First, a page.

Monday, 11 November 2013

1992 Monaco Grand Prix - Monte Carlo

    May 31, 1992

For the first time in a long time a Honda engine wasn't enough. Not even a Honda engine with Ayrton Senna sitting in front of it. After only 10 of the season's 16 races, Nigel Mansell would equal Senna's record of eight victories in a season. The Williams-Renault FW14B, "active" suspension and all, exerted a greater superiority over the rest than anyone could remember. McLaren, and all the others were not beaten in 1992. They were routed. 

Nigel Mansell: Williams-Renault
Coming into the race at Monte Carlo, Mansell had dominated the season to date, winning the first five races, a feat unequalled in Grand Prix history. He carried this form into qualifying, taking a comfortable pole position with team-mate Riccardo Patrese second and Senna third. At the start Mansell fairly leapt off the grid, moving smartly left to discourage any thoughts Patrese might have entertained about going for the lead. Riccardo, indeed, was not even second by the apex of the first turn at Ste Devote. "Monte Carlo is the hardest place in the world for overtaking," Senna commented later. "Even at the start you can't do it, unless you're really squeezing it. I went for it at the last moment, so as not to give Riccardo any indication, because otherwise he would have closed the door. I got into second place that way, but the problem was to stop the car before Mansell turned in, because I was coming so quickly I thought he might not have seen me. But it was a good manoeuvre, and the only way I had to make a place. if Patrese had been ahead of me out of the corner, I doubt I would ever have got past him."
Ayrton Senna: Mclaren-Honda
Michael Schumacher (Benetton) also got ahead of Jean Alesi (Ferrari) in the opening seconds, but on the run down to Mirabeau the Ferrari moved by the Benetton once more. After one lap, it was Mansell, Senna, Patrese, Alesi, Schumacher, Gerhard Berger (McLaren), Martin Brundle (Benetton), and Ivan Capelli (Ferrari).

Already it was clear that only some misfortune separated Mansell from his first victory in Monte Carlo. At around a second a lap, the Williams pulled away from Senna, who was now coming under pressure from Patrese. "I knew," Senna related, "there was no way to catch Mansell. Impossible, with the superiority of his car. At present we are not in a condition to win, and neither is anyone else. So what I tried to do was go hard enough to be in position to benefit if anything happened to Mansell, but still try to conserve my tyres - particularly in the early laps, on full tanks." After a while Senna began to lean on his tyres a little more, pulling a little way clear of Patrese. If he couldn't remotely keep Mansell in sight, at least he wanted the gap to be of manageable proportions. "I couldn't think of beating him, of course, but you never know what will happen at Monaco. Already in the early race I was planning for the late race ..."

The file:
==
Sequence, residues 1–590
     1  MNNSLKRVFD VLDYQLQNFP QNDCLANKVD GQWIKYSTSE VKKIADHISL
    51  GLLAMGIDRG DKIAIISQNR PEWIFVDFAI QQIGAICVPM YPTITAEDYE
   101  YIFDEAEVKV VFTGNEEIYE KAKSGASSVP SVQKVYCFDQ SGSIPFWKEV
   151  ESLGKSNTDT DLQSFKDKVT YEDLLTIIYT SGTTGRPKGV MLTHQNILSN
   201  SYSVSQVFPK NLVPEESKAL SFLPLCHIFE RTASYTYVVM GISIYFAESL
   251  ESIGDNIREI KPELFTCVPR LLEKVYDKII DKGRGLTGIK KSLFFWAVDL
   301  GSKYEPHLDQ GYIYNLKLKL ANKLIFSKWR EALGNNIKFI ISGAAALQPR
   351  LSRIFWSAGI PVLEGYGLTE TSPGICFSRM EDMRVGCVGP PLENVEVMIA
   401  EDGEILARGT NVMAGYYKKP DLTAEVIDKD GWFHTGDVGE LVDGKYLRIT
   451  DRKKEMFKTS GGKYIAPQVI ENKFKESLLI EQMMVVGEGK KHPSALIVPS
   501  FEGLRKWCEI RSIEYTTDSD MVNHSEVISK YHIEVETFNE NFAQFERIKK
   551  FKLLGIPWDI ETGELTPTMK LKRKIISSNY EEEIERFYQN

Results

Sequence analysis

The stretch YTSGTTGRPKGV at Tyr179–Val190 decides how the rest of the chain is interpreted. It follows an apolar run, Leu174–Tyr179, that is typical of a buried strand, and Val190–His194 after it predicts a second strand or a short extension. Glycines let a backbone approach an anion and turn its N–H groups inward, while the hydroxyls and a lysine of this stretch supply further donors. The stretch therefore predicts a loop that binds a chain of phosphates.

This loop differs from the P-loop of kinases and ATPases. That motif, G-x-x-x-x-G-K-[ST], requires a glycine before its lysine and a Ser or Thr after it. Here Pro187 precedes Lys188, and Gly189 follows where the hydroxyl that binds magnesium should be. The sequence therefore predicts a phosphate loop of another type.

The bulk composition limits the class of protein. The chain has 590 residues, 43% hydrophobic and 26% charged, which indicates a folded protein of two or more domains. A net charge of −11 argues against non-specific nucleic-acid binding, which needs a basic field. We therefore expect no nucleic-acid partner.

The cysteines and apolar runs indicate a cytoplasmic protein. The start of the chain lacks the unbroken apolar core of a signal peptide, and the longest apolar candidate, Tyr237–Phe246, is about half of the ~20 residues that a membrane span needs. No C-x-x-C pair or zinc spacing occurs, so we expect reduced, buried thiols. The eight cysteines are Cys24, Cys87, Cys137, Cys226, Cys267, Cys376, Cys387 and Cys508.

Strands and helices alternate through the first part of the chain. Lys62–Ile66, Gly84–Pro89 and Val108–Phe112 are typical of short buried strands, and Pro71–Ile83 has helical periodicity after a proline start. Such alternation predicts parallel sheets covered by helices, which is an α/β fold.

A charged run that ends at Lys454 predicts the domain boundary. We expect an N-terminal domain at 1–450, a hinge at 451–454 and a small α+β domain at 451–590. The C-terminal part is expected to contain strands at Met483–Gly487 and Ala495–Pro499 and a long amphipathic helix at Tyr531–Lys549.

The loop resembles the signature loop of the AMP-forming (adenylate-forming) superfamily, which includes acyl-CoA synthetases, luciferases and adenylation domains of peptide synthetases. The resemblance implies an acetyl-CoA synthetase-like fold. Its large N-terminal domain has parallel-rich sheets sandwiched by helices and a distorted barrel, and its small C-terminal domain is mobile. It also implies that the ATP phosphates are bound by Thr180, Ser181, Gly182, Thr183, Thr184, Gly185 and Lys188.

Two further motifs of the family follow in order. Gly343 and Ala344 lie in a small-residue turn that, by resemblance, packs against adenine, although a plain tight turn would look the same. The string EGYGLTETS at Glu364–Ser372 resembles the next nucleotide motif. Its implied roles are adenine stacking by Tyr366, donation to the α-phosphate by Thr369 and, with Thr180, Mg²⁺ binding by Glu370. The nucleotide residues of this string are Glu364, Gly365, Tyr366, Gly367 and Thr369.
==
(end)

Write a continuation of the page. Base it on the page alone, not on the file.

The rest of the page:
Seemingly lost cause: Senna maintains pursuit of Mansell 
As Mansell continued to go away at a second a lap, it looked a forlorn hope, but Ayrton was right in his thinking. And at least, for the first time that year, he was betwen the Williamses, rather than behind them. Further back, Alesi and Schumacher were involved in what may be termed as a torrid duel for fourth and splendid it inevitably was, given the mentality of the two youthful chargers. You had the impression the Benetton was quicker, but Alesi wasn't for losing his position.

For Mansell, all was silky smooth. At this point he was almost 10 seconds ahead of Senna, and Patrese was dropping back from the McLaren. Such excitement as there was continued to come from Alesi and Schumacher; on lap 12 they made contact at the Loews Hairpin, when Michael tried to force through a gap not quite as wide as a Benetton. Jean all but spun at the exit, but gathered it up, and duly maintained his fourth place. Schumacher seemed to have gotten through the tussled unscathed. For Alesi though, the consequences were more serious. There was damage to the Ferrari's gearbox, which ultimately caused its retirement, on lap 29.